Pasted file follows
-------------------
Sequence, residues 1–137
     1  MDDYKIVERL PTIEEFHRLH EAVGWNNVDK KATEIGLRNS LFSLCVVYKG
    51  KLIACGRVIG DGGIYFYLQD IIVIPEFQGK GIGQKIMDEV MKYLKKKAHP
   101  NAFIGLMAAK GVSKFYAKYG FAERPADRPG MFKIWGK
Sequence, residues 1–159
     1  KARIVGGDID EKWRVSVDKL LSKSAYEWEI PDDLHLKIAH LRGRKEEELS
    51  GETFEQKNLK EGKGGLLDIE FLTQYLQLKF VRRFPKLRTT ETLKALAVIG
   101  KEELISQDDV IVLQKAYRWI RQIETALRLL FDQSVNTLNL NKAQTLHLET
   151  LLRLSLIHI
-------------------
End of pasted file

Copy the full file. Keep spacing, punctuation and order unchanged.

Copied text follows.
Sequence, residues 1–137
     1  MDDYKIVERL PTIEEFHRLH EAVGWNNVDK KATEIGLRNS LFSLCVVYKG
    51  KLIACGRVIG DGGIYFYLQD IIVIPEFQGK GIGQKIMDEV MKYLKKKAHP
   101  NAFIGLMAAK GVSKFYAKYG FAERPADRPG MFKIWGK
Sequence, residues 1–159
     1  KARIVGGDID EKWRVSVDKL LSKSAYEWEI PDDLHLKIAH LRGRKEEELS
    51  GETFEQKNLK EGKGGLLDIE FLTQYLQLKF VRRFPKLRTT ETLKALAVIG
   101  KEELISQDDV IVLQKAYRWI RQIETALRLL FDQSVNTLNL NKAQTLHLET
   151  LLRLSLIHI